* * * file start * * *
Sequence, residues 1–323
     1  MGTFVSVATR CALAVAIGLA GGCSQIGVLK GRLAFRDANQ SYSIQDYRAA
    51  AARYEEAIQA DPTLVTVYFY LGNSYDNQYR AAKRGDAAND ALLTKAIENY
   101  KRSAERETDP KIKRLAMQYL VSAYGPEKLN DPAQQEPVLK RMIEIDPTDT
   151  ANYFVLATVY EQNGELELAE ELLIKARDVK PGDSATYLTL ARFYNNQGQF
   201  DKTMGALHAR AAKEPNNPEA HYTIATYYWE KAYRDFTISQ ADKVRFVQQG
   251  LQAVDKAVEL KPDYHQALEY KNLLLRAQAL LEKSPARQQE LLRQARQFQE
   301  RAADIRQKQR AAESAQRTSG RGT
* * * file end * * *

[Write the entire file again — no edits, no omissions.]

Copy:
Sequence, residues 1–323
     1  MGTFVSVATR CALAVAIGLA GGCSQIGVLK GRLAFRDANQ SYSIQDYRAA
    51  AARYEEAIQA DPTLVTVYFY LGNSYDNQYR AAKRGDAAND ALLTKAIENY
   101  KRSAERETDP KIKRLAMQYL VSAYGPEKLN DPAQQEPVLK RMIEIDPTDT
   151  ANYFVLATVY EQNGELELAE ELLIKARDVK PGDSATYLTL ARFYNNQGQF
   201  DKTMGALHAR AAKEPNNPEA HYTIATYYWE KAYRDFTISQ ADKVRFVQQG
   251  LQAVDKAVEL KPDYHQALEY KNLLLRAQAL LEKSPARQQE LLRQARQFQE
   301  RAADIRQKQR AAESAQRTSG RGT